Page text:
(Image: Gorkie/Private Media)

Compared to the rest of the world, Australia’s COVID-19 restrictions seem draconian. A single case of the highly contagious strain which infected a cleaner at a quarantine hotel caused Brisbane to go into a sharp three-day lockdown (which will be lifted this evening).

Yesterday, NSW Premier Gladys Berejiklian took a swipe at Victoria’s harsh border restrictions, urging states to talk to one another before making rash decisions affecting hundreds of thousands of people.

The rules are so strict because — without ever actually saying so — most states and territories seem to be pushing to eliminate COVID-19, rather than just suppressing it. Yet the state not pursuing elimination is also Australia’s most populous.

Prime Minister Scott Morrison has called NSW the “gold standard” for outbreak response. The state recorded three new local COVID-19 cases this morning, all linked to the Berala cluster.

Where did elimination come from?

Officially, Australia is pursuing an aggressive suppression strategy with the goal of no community transmission, as agreed to in a July 2020 National Cabinet meeting. Deputy chief medical officer Nick Coatsworth said at the time pursuing elimination would present “false hope”. 

But University of South Australia biostatician Adrian Esterman told Crikey Australia’s aggressive suppression approach is just elimination by another name.

“Elimination doesn’t mean the virus won’t come back, it means aiming for an extended period of time, such as 28 days, with no cases,” he said.

States and territories have interpreted this differently. WA Premier Mark McGowan has openly gone against a suppression strategy, saying last week he supported elimination.

Victoria opted for a hard lockdown during its second wave, only easing restrictions once the state recorded 14 consecutive days of zero cases.

NSW on the other hand has taken a localised approach, with Berejiklian reiterating this morning there is no way to eliminate the virus without stopping all overseas travel.

When the Avalon cluster hit, NSW shut down part of the Northern Beaches rather than the entire greater Sydney region. NSW only closed its border to Victoria in July when the state was recording 120 cases a day.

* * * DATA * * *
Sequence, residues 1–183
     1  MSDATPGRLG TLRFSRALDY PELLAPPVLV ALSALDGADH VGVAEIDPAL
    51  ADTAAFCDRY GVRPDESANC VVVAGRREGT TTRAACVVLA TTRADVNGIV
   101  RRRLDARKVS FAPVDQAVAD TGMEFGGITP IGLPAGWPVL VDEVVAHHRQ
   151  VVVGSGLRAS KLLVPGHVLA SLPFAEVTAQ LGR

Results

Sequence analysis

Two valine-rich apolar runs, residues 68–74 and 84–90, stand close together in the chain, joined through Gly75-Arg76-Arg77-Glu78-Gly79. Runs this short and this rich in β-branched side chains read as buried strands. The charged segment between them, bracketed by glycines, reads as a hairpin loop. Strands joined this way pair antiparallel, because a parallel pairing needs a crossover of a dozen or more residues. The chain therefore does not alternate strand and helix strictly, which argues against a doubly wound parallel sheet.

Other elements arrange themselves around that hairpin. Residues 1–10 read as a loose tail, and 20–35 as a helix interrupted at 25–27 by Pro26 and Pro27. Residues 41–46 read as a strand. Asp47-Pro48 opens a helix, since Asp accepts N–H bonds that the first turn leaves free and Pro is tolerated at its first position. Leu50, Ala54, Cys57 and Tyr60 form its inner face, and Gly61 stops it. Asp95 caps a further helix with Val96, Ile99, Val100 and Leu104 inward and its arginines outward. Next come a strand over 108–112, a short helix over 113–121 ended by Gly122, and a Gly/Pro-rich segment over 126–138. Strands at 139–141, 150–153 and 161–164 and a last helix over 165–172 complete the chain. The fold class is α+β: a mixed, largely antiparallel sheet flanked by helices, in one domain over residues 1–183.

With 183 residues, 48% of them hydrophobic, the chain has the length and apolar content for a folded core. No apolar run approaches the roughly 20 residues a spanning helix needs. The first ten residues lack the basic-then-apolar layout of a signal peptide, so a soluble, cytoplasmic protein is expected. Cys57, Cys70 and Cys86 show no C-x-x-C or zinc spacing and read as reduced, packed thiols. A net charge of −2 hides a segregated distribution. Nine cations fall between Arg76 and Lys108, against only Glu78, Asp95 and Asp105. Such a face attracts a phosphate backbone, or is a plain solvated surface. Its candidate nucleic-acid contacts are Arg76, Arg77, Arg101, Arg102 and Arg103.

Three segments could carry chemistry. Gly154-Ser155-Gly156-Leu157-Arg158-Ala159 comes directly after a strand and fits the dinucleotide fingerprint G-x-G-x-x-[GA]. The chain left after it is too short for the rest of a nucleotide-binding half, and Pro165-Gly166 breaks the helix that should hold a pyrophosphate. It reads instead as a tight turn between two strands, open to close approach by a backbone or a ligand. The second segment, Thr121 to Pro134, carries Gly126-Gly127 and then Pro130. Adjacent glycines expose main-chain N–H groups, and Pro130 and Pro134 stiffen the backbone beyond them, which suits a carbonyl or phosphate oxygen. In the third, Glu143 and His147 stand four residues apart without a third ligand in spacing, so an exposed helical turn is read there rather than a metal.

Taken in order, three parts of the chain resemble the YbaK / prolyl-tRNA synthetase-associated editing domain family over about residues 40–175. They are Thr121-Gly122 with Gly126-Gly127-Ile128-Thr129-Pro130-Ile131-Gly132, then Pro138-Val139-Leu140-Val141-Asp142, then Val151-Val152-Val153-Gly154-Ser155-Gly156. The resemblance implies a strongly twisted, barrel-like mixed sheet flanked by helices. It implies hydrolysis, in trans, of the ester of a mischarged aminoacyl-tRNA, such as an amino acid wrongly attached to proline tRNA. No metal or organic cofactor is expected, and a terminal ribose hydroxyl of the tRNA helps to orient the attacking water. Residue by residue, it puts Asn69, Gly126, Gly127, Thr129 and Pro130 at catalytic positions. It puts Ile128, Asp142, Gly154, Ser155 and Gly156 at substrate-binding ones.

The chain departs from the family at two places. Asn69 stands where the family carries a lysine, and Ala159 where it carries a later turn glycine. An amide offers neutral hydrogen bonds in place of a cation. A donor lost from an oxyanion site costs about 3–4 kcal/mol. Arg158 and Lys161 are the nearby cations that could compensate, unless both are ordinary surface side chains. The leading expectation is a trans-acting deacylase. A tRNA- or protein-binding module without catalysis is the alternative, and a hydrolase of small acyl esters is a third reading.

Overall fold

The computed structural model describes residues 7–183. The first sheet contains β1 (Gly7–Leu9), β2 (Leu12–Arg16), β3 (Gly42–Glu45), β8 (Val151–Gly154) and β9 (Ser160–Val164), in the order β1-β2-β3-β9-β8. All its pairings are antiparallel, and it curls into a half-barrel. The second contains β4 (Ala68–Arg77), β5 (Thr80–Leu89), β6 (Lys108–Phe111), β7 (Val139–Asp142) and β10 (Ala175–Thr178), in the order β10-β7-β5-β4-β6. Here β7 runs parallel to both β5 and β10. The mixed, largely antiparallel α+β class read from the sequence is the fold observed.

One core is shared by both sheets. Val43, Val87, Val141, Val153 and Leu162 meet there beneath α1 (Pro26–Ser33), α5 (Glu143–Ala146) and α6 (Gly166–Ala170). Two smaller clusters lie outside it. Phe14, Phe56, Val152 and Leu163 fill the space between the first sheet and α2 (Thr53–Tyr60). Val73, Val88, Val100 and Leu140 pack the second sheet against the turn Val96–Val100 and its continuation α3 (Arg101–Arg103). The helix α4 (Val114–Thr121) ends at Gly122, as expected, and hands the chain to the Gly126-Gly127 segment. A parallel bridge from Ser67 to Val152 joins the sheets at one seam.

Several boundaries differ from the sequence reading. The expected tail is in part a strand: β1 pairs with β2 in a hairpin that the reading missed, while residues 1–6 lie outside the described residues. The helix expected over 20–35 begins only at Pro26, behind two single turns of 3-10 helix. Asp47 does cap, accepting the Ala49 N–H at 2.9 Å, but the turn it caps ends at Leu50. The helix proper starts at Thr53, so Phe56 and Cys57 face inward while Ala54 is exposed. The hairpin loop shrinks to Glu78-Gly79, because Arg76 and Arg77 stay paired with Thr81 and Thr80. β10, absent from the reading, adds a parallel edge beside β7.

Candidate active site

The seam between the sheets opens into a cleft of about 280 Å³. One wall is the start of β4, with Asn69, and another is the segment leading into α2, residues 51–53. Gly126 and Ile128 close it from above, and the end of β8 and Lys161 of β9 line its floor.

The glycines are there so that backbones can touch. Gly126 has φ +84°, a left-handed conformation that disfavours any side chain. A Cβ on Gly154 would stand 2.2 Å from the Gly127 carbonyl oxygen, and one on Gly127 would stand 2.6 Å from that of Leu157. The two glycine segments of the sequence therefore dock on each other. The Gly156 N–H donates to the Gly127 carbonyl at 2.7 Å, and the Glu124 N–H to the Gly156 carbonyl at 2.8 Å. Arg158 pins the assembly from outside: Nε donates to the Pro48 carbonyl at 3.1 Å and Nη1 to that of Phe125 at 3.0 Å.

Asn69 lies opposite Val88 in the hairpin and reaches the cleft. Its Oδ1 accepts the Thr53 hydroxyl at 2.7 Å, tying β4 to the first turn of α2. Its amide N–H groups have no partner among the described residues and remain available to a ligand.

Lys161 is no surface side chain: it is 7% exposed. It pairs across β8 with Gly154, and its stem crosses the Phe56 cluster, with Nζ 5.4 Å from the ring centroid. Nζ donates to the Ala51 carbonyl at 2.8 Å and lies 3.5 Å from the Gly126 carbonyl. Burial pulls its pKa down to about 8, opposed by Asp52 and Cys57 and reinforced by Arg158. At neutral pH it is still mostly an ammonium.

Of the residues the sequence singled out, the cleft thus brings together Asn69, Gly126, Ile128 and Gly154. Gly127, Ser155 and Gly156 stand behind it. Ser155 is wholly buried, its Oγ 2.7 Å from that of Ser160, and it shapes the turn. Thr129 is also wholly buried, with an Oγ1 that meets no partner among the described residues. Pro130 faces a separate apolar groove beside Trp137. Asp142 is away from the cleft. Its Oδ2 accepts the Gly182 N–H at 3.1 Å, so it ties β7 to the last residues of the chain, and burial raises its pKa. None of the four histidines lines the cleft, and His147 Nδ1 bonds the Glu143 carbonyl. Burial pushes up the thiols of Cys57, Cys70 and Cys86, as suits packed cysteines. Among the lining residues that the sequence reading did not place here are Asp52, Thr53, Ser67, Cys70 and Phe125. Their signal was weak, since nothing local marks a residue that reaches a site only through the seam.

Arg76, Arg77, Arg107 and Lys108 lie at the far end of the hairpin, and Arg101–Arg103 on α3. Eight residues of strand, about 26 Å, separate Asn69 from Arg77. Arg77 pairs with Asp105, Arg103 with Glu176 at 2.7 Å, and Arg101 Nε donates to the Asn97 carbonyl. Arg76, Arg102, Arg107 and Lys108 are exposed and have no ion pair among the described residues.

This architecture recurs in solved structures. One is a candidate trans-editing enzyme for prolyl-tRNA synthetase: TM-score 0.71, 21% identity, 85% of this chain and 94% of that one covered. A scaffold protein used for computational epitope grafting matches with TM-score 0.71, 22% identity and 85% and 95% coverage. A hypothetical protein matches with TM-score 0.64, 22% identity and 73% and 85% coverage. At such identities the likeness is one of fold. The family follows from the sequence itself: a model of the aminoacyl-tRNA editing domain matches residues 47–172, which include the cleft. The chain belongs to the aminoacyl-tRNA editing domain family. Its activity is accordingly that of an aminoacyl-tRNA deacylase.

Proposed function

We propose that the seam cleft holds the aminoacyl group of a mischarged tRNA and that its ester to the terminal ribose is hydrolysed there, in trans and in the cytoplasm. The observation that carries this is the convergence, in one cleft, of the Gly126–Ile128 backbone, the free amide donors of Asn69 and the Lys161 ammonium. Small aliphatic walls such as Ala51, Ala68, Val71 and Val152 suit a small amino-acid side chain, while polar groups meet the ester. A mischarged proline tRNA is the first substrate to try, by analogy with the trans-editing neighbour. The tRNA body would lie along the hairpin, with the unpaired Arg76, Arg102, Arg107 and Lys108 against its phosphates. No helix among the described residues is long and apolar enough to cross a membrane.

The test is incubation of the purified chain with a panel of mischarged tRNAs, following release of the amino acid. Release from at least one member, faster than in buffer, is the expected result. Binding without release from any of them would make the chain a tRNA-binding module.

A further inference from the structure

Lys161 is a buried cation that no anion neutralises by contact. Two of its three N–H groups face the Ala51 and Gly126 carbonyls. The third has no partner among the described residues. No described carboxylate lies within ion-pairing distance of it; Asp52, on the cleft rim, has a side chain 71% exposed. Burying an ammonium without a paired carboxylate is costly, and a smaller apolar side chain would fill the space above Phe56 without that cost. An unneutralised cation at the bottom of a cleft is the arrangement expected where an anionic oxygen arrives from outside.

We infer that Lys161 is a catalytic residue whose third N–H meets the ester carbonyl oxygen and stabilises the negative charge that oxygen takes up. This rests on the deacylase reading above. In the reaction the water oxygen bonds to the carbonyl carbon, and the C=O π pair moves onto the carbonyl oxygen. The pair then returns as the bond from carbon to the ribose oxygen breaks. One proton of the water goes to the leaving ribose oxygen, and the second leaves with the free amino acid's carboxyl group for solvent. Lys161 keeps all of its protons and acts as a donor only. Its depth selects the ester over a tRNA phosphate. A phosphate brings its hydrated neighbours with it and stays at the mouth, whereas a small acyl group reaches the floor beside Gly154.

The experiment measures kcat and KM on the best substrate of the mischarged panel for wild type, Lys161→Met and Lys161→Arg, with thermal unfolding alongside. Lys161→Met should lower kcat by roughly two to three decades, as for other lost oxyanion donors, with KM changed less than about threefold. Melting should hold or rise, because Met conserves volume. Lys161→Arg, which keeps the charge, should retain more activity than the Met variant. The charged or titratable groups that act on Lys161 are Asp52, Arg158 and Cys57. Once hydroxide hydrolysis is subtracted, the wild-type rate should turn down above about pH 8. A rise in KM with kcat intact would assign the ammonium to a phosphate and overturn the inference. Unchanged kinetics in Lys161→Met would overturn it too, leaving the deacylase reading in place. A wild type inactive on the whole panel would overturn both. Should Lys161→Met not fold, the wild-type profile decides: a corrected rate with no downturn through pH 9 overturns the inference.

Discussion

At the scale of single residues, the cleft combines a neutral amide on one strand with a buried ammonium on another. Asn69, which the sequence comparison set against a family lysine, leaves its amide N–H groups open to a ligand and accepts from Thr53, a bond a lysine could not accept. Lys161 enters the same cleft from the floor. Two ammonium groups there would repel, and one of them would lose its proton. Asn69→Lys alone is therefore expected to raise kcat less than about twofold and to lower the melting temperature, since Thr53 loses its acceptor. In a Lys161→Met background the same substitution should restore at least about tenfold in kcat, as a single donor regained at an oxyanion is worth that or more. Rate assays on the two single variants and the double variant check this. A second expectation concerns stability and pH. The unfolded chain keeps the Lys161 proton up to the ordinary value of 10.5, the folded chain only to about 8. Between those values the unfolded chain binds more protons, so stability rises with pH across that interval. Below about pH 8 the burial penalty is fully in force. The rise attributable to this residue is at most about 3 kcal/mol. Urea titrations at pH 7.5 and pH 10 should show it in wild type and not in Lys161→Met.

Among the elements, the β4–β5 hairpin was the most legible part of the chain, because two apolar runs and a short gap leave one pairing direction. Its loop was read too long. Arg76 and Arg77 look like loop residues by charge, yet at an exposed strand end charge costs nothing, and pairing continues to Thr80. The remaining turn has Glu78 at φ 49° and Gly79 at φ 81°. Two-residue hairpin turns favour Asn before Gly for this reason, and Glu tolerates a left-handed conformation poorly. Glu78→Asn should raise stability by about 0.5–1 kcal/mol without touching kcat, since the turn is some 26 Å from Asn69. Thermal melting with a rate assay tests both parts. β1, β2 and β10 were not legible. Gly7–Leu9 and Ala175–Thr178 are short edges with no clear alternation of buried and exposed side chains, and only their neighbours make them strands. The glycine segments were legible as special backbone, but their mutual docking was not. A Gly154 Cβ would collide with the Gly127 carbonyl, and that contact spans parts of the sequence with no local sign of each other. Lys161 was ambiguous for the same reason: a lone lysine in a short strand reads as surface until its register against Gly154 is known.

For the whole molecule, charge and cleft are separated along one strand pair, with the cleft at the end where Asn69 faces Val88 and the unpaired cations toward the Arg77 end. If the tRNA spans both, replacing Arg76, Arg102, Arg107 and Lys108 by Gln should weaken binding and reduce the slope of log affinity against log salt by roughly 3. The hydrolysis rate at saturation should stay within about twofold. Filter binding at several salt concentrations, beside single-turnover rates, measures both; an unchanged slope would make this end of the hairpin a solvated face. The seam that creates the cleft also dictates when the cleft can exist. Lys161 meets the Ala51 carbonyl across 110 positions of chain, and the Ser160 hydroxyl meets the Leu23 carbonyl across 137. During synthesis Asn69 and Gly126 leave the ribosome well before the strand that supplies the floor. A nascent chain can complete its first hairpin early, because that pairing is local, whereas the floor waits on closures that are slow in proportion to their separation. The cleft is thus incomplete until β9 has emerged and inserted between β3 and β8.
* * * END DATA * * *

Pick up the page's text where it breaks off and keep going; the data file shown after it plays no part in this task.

Unity could limit confusion

The differences in approach have caused regions to react faster than they might have if everyone was on the same page, Esterman said.

“You could argue if everyone took the same approach as NSW things would be fine with clusters coming every few weeks,” he said.

But NSW has a track record of fast contact tracing, while other states do not. Victoria has once again struggled. There was confusion following the latest outbreak, with venues not notified of positive cases.

Esterman said that, in light of the new virus variant, NSW might want to consider changing its approach.

“[It’s] the big joker in the pack,” he said. “As we’ve seen in the UK, hotspot and cluster suppression does not work with this strain … it’s just too contagious.”

States need to have faith in the system

Sydney University infectious diseases expert Adam Kamradt-Scott told Crikey that while he wasn’t sure if these states were pursuing elimination, he didn’t think their approach was the right one.

“What we’ve seen in recent months has been a tendency for premiers and chief ministers to have a knee-jerk response to announcements of new clusters. This speaks to a fundamental distrust in other jurisdictions’ public health capacities,” he said.

Kamradt-Scott added that while this approach may have been appropriate during the start of the pandemic, better control and contact tracing systems had since been implemented.

“We need to see a more nuanced approach where state border closures are used as a last resort when there’s evidence of widespread community transmission.”

He added that Australians need to keep adhering to social distancing and health guidelines for this approach to work, especially in the face of the new mutant variant.

“All it takes is a momentary lapse [at the borders]. We need the public to recognise we’re in a pandemic and behave accordingly with social distancing, face masks and handwashing.”